The price level is a

nominal variable.

27

The payments you make on your automobile loan are given in terms of dollars. As prices rise you notice you give up fewer goods to make your payments

The dollar amount you pay is the nominal value. The number of goods you give up is the real value.

28

An associate professor of physics gets a $200 month raise. She figures that with her new monthly salary she can buy more goods and services than she could last year

Her real and nominal salary has risen.

29

Last year, you earned a nominal wage of $10 per hour, and the price level was 120. This year your nominal wage is $11 per hour, but you are unable to purchase the same amount of goods as last year. The price level this year must be

135

30

Suppose ice cream cones cost $3. Molly holds $60. What is the real value of money she holds?

20 ice cream cones. If the price of cones rises, to maintain the real value of her money holdings she needs to hold more dollars.

31

The classical dichotomy argues that changes in money supply

affect nominal variables, but not real variables.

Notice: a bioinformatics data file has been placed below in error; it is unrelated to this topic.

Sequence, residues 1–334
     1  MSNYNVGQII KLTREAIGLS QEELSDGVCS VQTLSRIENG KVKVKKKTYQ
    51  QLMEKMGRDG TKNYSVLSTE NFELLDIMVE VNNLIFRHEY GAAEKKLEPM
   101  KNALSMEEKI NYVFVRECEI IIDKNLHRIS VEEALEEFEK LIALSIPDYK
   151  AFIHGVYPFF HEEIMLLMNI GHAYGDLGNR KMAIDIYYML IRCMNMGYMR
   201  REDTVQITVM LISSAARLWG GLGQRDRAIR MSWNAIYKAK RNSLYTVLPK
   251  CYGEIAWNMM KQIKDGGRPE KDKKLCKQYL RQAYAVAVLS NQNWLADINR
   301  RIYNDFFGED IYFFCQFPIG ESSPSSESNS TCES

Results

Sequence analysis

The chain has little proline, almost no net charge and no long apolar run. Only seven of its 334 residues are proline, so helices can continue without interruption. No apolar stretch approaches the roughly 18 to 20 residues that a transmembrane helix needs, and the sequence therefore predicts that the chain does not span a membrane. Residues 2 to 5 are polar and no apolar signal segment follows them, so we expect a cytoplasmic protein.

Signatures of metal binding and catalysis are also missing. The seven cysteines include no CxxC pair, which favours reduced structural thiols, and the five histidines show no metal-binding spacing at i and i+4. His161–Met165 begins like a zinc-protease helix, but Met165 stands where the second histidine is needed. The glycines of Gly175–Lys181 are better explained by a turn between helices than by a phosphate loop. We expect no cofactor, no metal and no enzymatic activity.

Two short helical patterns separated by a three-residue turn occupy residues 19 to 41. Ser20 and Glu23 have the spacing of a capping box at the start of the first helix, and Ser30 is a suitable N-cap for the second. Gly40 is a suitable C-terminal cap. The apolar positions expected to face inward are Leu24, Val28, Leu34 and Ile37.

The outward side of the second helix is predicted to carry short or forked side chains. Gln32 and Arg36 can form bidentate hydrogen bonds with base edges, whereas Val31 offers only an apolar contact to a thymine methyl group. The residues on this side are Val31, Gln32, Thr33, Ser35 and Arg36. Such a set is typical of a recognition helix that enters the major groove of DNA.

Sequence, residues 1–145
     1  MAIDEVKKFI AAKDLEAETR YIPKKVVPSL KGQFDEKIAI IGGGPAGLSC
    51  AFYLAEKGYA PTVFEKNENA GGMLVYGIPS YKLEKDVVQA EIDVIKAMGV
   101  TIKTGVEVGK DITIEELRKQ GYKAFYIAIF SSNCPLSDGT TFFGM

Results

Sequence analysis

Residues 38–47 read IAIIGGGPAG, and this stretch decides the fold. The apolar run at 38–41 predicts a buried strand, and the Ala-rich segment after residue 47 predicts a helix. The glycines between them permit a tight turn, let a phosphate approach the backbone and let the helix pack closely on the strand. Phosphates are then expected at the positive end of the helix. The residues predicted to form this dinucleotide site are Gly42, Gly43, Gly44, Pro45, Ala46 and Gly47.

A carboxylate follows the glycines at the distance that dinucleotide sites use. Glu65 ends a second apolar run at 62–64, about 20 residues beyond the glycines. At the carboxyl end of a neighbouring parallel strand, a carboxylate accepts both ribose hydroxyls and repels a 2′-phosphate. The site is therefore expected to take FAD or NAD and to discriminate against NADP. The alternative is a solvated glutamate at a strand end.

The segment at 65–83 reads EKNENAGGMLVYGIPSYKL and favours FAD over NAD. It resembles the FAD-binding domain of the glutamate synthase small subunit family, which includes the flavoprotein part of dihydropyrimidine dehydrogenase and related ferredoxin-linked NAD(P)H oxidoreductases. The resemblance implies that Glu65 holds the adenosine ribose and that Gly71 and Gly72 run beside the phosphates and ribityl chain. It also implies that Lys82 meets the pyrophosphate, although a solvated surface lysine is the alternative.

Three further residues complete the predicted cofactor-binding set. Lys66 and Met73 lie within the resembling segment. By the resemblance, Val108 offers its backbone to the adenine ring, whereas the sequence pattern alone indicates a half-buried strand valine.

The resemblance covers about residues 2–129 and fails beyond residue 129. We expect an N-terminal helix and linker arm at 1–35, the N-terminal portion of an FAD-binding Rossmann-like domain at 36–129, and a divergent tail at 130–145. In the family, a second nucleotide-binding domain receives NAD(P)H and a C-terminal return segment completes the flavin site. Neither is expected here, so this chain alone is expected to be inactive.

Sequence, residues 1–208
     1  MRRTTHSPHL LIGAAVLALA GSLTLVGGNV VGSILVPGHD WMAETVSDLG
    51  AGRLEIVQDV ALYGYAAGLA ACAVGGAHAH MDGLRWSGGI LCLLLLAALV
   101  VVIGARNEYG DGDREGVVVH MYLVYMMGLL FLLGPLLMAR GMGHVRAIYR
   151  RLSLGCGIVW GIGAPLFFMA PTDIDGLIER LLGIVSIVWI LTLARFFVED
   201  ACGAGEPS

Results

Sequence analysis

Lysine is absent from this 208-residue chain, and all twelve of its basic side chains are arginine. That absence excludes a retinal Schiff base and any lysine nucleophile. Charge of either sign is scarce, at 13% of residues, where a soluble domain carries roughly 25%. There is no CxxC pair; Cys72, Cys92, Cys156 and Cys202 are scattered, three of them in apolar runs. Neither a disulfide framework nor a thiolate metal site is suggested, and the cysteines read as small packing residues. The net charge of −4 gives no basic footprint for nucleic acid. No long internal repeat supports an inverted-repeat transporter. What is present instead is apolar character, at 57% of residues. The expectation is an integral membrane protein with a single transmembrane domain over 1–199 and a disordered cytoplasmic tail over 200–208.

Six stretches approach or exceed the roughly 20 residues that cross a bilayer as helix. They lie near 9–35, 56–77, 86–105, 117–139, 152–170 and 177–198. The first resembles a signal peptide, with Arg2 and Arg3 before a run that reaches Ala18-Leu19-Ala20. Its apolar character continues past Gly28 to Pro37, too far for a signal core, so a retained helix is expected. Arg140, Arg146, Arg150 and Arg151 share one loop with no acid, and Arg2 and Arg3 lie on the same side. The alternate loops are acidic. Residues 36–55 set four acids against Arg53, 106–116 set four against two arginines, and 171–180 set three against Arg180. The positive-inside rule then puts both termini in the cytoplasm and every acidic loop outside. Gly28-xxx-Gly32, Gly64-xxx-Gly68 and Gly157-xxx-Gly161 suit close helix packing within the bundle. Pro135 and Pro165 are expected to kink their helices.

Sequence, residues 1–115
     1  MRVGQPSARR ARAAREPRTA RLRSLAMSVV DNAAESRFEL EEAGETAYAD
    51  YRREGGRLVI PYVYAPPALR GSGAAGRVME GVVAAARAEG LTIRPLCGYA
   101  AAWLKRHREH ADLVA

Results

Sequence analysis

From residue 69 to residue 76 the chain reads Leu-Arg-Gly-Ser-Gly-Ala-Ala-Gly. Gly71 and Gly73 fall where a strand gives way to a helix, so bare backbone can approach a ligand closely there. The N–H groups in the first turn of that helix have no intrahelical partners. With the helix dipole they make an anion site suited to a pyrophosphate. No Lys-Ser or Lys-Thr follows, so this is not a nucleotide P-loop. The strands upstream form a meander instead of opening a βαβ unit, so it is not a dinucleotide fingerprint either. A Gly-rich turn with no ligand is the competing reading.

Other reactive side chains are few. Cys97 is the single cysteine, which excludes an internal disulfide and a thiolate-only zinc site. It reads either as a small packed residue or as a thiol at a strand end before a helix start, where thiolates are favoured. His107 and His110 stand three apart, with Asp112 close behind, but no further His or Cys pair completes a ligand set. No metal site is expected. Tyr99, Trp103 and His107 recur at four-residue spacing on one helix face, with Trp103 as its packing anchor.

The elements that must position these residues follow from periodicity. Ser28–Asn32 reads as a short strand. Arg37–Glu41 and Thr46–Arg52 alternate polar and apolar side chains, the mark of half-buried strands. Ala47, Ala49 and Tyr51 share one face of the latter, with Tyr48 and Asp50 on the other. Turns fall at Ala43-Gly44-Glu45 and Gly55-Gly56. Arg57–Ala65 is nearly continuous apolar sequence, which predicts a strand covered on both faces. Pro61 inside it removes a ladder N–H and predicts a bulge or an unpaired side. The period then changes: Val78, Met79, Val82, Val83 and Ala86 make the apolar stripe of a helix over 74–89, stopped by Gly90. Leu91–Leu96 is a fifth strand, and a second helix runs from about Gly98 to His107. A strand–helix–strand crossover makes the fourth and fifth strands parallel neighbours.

32

Monetary neutrality means that a change in the money supply

does not change the real GDP. Most economists think this is a good description of the economy in the long run, but not in the short run.

33

The velocity of money is

the average number of times per year a dollar is spent.

34

If M=3000, P=2, and Y=6000, what is velocity?

4

35

Based on the quantity equation, if M=8000, P=3, and Y= 12,000, then V=?

4.5

36

Based on past experience, if a country is experiencing hyperinflation, then which of the following would be a reasonable guess?

All of the above

37

The inflation tax falls most heavily on

those who hold alot of currency, but account for a small share of US government revenue.

38

If a bank posts a nominal interest rate of 4 percent, and inflation is expected to be 3 percent, then

the expected real interest rate is 1 percent.

39

The Fisher effect says that

The nominal interest rate adjusts one for one with the inflation rate.

40

People can reduce the inflation tax by

reducing cash holdings

41

When inflation rises, people will desire to hold

less money, and go to the bank more frequently.

42

Net exports of a country are the value of

goods and services exported, minus the value of goods and services imported.

43

A country purchases more goods and services from residents of foreign countries than residents of foreign countries purchase from it. This country has

A trade deficit, and negative net exports.

44

If Germany purchases more goods and services abroad than it sold abroad last year, then it had

negative net exports which is a trade deficit.

45

If a country has net exports of $8 billion and sold $40 billion of goods and services abroad, then it has

$40 billion of net exports, and $32 billion of imports.

46